Friday, 9 January 2009

Sleep issues

As a parent, have you ever come across a piece of information that made you sigh one of those sighs that comes from deep within, and releases a huge weight from off your shoulders? I have had this a few times, and an article I just read on infant sleeping had this exact effect on me.

For all mothers of infants who just won't seem to sleep, check the article out:

It's titled "5 reasons why high-need infants sleep differently". I love that the article is not called "why your baby won't sleep" or "why won't your infant sleep through the night by one years old." It wasn't called "sleep issues" or "sleep problems". The title doesn't insinuate there is something wrong with my child, just that there is something different.

Reading the article was such a relief. We know Caleb is high-needs, a definition which includes several important and distinct differences from your average infant: different temperament, different stimulus barrier, different transitions, different sleep maturity and different nighttime needs. All of these difference combine to make sleep a difficult thing for him.

- a tense daytime temperament results in nighttime restlessness
- sensory overload causes him to overreact instead of retreating and tuning it out
- having a hard time making any transition means difficulty going from awake to asleep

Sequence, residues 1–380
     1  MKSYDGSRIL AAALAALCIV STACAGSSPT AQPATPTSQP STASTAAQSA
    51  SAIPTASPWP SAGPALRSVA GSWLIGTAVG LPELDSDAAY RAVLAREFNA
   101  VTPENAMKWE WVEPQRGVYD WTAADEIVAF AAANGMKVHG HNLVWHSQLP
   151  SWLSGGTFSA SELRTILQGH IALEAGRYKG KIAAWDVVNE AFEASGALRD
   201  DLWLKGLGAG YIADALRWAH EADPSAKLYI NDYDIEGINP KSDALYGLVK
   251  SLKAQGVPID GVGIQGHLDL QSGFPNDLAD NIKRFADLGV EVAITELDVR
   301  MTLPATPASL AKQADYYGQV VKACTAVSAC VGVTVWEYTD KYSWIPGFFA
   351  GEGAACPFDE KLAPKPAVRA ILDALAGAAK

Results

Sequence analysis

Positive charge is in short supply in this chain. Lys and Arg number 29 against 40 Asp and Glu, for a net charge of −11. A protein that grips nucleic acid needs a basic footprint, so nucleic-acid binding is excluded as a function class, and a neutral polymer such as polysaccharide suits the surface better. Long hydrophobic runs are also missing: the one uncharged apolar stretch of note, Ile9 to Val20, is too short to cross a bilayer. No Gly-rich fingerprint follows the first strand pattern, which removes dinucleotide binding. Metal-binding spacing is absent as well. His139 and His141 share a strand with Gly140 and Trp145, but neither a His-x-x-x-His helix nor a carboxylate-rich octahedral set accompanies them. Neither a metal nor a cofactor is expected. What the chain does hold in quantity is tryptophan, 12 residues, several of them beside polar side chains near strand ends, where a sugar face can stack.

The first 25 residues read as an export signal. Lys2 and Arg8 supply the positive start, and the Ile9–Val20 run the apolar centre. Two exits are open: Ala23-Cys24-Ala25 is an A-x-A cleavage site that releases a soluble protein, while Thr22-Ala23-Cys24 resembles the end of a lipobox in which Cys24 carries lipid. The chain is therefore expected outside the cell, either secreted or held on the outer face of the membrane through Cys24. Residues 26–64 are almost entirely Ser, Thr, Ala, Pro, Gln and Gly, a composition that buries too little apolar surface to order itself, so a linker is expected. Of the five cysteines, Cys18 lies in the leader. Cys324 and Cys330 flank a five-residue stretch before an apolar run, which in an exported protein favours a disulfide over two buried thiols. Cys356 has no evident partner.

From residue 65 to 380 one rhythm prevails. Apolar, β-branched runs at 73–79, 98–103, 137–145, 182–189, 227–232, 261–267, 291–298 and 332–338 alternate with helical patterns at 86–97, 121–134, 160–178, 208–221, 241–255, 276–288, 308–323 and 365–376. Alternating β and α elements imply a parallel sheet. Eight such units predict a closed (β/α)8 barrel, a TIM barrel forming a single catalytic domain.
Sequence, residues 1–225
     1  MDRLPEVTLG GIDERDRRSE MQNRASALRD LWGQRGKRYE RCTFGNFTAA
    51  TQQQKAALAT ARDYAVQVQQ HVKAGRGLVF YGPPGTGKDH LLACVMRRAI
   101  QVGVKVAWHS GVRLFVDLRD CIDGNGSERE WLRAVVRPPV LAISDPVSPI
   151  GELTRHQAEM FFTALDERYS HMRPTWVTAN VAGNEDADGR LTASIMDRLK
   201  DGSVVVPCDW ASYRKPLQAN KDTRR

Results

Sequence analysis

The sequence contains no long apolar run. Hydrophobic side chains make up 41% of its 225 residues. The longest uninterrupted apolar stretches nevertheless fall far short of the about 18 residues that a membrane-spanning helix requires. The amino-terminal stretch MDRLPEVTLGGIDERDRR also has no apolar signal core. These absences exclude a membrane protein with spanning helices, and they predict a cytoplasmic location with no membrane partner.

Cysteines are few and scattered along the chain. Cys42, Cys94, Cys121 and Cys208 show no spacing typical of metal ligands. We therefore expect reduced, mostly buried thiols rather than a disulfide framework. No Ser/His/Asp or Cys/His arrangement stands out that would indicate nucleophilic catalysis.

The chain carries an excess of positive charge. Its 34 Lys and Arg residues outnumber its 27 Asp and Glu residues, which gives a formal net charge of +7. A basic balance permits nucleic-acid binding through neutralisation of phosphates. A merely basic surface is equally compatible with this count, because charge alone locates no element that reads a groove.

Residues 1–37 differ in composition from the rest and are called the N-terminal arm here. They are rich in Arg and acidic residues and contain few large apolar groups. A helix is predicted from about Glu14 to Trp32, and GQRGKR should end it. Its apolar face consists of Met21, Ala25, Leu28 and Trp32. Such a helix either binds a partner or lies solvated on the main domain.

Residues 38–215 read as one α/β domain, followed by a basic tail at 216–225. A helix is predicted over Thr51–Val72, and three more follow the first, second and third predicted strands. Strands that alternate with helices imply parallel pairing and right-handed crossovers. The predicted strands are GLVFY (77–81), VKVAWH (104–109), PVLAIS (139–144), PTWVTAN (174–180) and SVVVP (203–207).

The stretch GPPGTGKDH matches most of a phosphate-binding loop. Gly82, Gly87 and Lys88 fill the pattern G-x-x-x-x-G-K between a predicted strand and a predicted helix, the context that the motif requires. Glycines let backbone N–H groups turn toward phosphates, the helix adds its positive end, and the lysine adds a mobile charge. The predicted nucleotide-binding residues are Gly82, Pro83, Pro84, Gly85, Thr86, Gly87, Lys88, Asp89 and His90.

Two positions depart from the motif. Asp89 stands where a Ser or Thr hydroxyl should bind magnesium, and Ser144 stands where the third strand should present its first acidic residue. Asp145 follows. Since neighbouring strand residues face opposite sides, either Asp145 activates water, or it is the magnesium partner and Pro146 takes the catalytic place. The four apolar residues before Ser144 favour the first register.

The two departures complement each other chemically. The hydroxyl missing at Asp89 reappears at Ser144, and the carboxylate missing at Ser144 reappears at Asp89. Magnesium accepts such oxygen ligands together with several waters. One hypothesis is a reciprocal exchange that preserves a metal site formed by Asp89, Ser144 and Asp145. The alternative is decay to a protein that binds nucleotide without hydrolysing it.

- immature sleep habits mean his deep sleep periods are not as long as the average infant
- craving constant physical contact and not being able to self soothe during the day translate to needing mom's presence to sleep at night during the first months. However, these same characteristics as the infant gets older mean that the close presence they crave will actually stimulate them into not sleeping.

This is a perfect description of Caleb. The article doesn't give any "advice" or "solutions". It's simply about understanding your child. and really, that's half the battle. We can read all the books out there, surf all the web sites and desperately try to find someone who wrote something that comes sort of close to what your child is. But the truth is, you'd have to write the book on your child, because no other child out there is exactly like yours. I've found that as I've read books looking for solutions, the case studies might come close to describing our situation, but they rarely include all the elements. Any number of differences could result in a complete success or failure of a method. The best thing I've found is this: read to understand your child, and then use the old mommy instinct (and a little faith a and prayer always help!) to come up with the best solution.

No comments: